The scale of the cyber-attack on the National Health Service was far larger than previously appreciated, according to a report by the spending watchdog that lays bare the health service’s poor preparation to cope with such a threat. The National Audit Office says the department was warned of the risks to its IT systems a year before the May assault, but only published a formal response to security recommendations two months afterwards. The report also discloses that every NHS trust whose cyber security arrangements were checked before the breach had failed the inspection.
Healthcare Cyber Security Market to Grow at the Highest CAGR According to New Research Report 2022
The service segment includes end-user spending on consulting, designing & integration, risk assessment, and training. The solution segment includes deployment of healthcare cybersecurity solutions such as breach detection, business continuity & disaster recovery, cloud & data centers, data loss protection, identity & access management, mobile devices, and risk & compliance management cyber security solutions in healthcare organizations across the globe.
NHS Could Have Avoided WannaCry Hack With ‘Basic IT Security’, Says Report
The National Audit Office (NAO) said that 19,500 medical appointments were cancelled, computers at 600 GP surgeries were locked and five hospitals had to divert ambulances elsewhere. […] “It was a relatively unsophisticated attack and could have been prevented by the NHS following basic IT security best practice. There are more sophisticated cyber-threats out there than WannaCry so the Department and the NHS need to get their act together to ensure the NHS is better protected against future attacks.”
Restoration Costs of Ransomware Attacks Triples Since 2016
Ransomware has become the new plague to run rampant through the cyber world, rising to the fifth most common malware type and causing the costs of restoring computer systems from such attacks to triple since 2016.
How the FDA Pushes Medical Device Cybersecurity
Released in late 2016, the guidance for post-market management is a 30-page document that lists specific vulnerabilities that companies should test, how they should go about doing that, threat reporting recommendations, and more. For instance, the document notes that changes to a medical device made solely to boost security—like a patch—are considered enhancements and don’t need to be reported.
EHNAC: Risk Assessments, IoT Security Crucial in Attack Mitigation
Hospitals and healthcare organizations need to keep a strong focus on their risk management and risk assessment process and ensure that any third parties or business associates also have proper security and IT risk management protocols in place, according to Electronic Healthcare Network Accreditation Commission (EHNAC) Executive Director Lee Barrett.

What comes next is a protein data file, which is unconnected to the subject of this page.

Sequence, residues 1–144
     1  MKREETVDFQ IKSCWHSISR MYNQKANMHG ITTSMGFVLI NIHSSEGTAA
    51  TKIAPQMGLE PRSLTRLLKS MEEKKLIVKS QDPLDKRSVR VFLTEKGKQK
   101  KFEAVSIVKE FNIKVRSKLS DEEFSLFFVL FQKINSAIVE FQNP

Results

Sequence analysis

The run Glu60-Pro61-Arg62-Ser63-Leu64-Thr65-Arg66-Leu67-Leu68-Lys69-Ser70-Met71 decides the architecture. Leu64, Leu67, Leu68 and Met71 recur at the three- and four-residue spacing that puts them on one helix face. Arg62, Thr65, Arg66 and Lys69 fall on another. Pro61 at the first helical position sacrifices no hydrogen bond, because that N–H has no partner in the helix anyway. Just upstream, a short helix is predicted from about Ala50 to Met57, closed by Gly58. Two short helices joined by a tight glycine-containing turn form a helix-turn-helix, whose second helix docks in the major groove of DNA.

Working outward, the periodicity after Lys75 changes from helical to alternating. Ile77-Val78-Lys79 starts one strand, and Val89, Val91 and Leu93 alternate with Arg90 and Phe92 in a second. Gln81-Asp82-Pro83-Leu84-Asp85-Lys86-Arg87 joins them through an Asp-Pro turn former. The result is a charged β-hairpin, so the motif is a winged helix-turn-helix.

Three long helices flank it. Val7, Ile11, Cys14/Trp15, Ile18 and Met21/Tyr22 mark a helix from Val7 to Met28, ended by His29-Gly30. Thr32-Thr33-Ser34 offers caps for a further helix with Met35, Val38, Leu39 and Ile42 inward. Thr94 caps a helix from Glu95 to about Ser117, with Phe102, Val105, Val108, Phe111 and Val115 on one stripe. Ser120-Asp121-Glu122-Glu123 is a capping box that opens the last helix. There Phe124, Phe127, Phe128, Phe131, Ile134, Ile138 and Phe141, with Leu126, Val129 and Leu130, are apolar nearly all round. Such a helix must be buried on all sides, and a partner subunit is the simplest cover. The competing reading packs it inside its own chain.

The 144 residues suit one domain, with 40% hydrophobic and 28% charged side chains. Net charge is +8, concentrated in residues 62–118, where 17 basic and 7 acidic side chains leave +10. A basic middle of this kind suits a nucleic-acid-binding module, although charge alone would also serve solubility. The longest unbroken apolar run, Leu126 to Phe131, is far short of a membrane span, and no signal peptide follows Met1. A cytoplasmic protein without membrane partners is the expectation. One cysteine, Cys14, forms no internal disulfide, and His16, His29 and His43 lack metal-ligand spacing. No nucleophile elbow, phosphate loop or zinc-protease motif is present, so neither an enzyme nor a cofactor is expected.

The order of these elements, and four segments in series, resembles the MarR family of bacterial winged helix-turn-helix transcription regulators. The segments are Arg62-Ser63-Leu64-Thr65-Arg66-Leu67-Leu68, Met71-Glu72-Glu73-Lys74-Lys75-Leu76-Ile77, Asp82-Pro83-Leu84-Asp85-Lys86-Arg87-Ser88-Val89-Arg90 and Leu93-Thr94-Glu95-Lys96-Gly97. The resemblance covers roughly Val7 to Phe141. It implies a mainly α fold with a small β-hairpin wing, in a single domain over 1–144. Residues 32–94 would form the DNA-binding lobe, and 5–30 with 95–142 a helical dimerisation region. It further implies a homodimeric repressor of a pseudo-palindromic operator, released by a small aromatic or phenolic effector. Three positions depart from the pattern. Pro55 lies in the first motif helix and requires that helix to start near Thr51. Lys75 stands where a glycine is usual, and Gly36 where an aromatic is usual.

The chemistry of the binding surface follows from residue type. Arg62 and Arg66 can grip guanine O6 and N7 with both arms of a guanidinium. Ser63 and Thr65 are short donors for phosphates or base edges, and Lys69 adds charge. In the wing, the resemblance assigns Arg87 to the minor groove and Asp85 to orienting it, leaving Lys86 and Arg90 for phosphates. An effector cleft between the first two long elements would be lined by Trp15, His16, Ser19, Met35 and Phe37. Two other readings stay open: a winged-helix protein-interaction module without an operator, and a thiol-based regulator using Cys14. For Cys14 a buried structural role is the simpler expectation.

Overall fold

Latest WannaCry Attack Stresses Healthcare’s Need to Fortify Defenses
The task force discovered a “severe” lack of security specialists, according to Corman, with 85% or more medical organizations—particularly small, medium, and rural hospitals—lacking a single qualified security person on staff. “They have more janitors at these hospitals than they do security people,” he said.
What Are Basic, Essential Healthcare Cybersecurity Measures?
OCR also urged covered entities and business associates to regularly train staff members on cybersecurity issues. This can include but is not limited to employee training on phishing emails and when to report a cyber incident and to whom. Employee security awareness was the greatest healthcare data security concern for 80 percent of surveyed health IT executives and professionals, a HIMSS Analytics survey found.
3 Common Cybersecurity Threats to Healthcare
Many attacks on health systems are targeted: Hackers don’t just prey on a hospital to get patient data, but to get specific patient data. “At times, they are interested in a certain patient’s information, whether for blackmail or otherwise,” Kim said. “So the attacks are targeted against a specific healthcare organization because they know that John or Jane Doe frequent that institution.”
Hospitals, Don’t Wait to Address These Little-known IoT Security Issues
“Devices are purchased with the expectation they will last for years. However, as threats evolve, there is not always a vendor expectation to maintain these devices and provide patches,” said Ryan Spanier, director of research at Kudelski Security. “To complicate matters, many of these devices cannot be taken down for regular maintenance.”
HHS Continuing to Push for Healthcare Cyber Threat Sharing
[The] 2015 Cybersecurity Information Sharing Act […] called on the agency, which is tasked with protecting the health care and public health critical infrastructure sector, to stand up a Health Care Industry Cybersecurity Task Force as well as disseminate information across industry to improve the sector’s cyber posture under Section 405 D.
Hospital Impact—Cybersecurity Breaches Pose Major Legal Threat to Healthcare Providers
Although no loss of life has yet been reported due to one of these device vulnerabilities or ransomware attacks, it is only a matter of time until medical device manufacturers, hospital administrators and healthcare providers are sued. While insurers may seek shelter in cyber policies’ personal injury exclusions, limits and sublimits, healthcare providers may find themselves facing a new kind of malpractice claim—one that may not be covered by their usual malpractice policy.
What Should Entities Expect with OCR HIPAA Enforcement?
“What they’re saying about enforcement is not a sharp change because they’ve been saying it for a number of years,” Meisinger explained. “They’ve been saying, ‘We don’t have the ability to investigate every data breach in the country, but we do have the ability to make examples of people.’”
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